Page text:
Through the Lens of Trauma: Approach to Stress, Violence and Adversity

  • June 11, 2021 from 12:00-1:00pm
  • Virtual Presentation through BlueJeans at
  • Please RSVP by emailing Lisa Maturo at
  • Please include your full name, email address, and institution/organization. 
  • We will provide instructions on obtaining CME credit for attendance.

This talk will describe a hospital-based violence intervention program, Healing Hurt People, and the theory of practice behind it.  It will also describe the novel research method, coincidence analysis, used to evaluate the effectiveness of the program.  Preliminary findings of the quantitative piece of the study will be shared.  This talk will also connect the social determinants of health to the work of the program.  Though violence has long since been a issue that appears in emergency departments and operating rooms, the recognition of the role that health care providers have in mitigating the issue has been questioned.  Here we will describe the role and need for health care providers in this challenging issue which is the leading cause death for Black and Brown men between the ages of 10 and 44.

Meet the Speaker

Theodore J. Corbin, MD, MPP

Theodore (Ted) J. Corbin, MD, MPP is Professor and Vice Chair for Research in the Department of Emergency Medicine at the Drexel University College of Medicine. He also serves as the co-Founder and Medical Director of “Healing Hurt People,” an emergency department based, trauma-informed intervention for victims of intentional injury. Dr. Corbin also co-Directs of the Center for Nonviolence and Social Justice at Drexel University School of Public Health, where he holds a joint appointment in the Department of Health Management and Policy. More recently, Dr. Corbin has been appointed as the Associate Dean for Community and External Affairs for the College of Medicine.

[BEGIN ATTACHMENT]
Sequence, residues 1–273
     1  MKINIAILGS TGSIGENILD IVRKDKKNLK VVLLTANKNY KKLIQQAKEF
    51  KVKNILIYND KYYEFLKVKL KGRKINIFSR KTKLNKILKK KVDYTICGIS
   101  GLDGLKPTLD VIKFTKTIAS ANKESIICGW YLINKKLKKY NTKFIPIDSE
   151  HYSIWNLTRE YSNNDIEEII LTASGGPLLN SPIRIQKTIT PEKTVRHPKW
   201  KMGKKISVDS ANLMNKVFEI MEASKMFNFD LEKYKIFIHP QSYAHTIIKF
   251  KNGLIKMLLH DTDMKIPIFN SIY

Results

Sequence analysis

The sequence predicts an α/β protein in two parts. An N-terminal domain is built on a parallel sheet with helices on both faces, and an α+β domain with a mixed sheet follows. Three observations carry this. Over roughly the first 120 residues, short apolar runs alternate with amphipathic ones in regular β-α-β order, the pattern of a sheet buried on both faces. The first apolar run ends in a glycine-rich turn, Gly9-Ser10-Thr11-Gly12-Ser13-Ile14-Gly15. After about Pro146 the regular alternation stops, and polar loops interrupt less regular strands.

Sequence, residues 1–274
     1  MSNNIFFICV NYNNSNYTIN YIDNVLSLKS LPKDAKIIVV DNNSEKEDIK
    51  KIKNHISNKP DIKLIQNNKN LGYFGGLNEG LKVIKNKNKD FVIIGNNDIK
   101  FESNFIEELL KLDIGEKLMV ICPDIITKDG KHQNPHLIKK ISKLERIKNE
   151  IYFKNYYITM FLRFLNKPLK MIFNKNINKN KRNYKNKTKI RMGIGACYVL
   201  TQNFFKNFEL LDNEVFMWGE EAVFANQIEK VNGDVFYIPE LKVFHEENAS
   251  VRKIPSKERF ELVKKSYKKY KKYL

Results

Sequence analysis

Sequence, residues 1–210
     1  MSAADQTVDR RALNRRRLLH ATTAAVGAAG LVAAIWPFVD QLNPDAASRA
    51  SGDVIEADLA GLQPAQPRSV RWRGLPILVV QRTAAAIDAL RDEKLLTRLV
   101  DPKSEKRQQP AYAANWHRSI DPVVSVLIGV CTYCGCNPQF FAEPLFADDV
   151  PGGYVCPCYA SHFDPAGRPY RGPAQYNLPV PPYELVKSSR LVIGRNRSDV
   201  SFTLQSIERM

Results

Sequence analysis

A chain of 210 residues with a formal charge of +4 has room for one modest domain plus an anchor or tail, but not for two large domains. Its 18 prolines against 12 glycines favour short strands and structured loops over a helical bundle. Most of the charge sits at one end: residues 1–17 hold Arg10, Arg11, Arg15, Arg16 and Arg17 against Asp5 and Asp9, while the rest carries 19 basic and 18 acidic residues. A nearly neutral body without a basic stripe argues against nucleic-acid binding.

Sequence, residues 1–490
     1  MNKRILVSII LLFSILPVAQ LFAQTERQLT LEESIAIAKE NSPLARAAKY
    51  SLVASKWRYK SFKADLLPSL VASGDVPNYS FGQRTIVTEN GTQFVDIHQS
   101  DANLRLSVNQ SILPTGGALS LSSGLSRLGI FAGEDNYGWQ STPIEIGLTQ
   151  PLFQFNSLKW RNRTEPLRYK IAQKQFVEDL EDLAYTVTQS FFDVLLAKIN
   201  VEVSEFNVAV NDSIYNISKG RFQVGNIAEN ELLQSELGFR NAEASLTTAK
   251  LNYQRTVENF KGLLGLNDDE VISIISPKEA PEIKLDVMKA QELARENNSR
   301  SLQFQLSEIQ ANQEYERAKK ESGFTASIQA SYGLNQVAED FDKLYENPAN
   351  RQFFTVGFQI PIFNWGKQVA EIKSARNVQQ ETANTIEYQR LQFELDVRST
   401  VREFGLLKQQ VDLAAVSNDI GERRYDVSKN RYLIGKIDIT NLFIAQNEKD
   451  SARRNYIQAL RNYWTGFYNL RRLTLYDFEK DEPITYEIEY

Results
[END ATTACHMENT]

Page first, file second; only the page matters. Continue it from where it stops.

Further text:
Dr. Corbin’s research focuses broadly on addressing the trauma in the lives of victims of violence, especially boys and men of color for whom violence is a leading cause of disability and death. He has received funding from the Philadelphia Department of Behavioral Health and Annie E. Casey Foundation to explore the impact of PTSD on violently injured youth and young adults, and to evaluate the effectiveness of the intervention that he developed Healing Hurt People. He is also the principal investigator on a Department of Justice/Office for Victims of Crime grant to develop and test a community health worker peer training institute, designed to enhance and diversity the health care workforce. Over the past 10 years, Dr. Corbin has received in excess of $9 million in funding for his translational work as a principal investigator.

Dr. Corbin received his Bachelor of Science in Biology from Lincoln University and his M.D. from Drexel University College of Medicine. He earned his Master of Public Policy from the Princeton University School of Public and International Affairs. He completed a residency in emergency medicine at the Howard University Hospital. Dr. Corbin is Board Certified in Emergency Medicine. Dr. Corbin has received a number of honors including a Soros Physician Advocacy Fellowship from the Open Society Foundation and a Stoneleigh Foundation Fellowship to support his career development in serving the needs of vulnerable children and youth. He was also selected as one of Philadelphia’s 40 under 40 Leaders in 2006. Dr. Corbin provided expert testimony to the Defending Childhood Task Force, charged by Eric Holder, U.S. Attorney General to speak on his work in addressing adversity and violence in urban youth. Dr. Corbin has also provided practice-based evidence to the National Academy of Medicine on public health approaches to violence intervention.

This activity has been approved for AMA PRA Category 1 Credit

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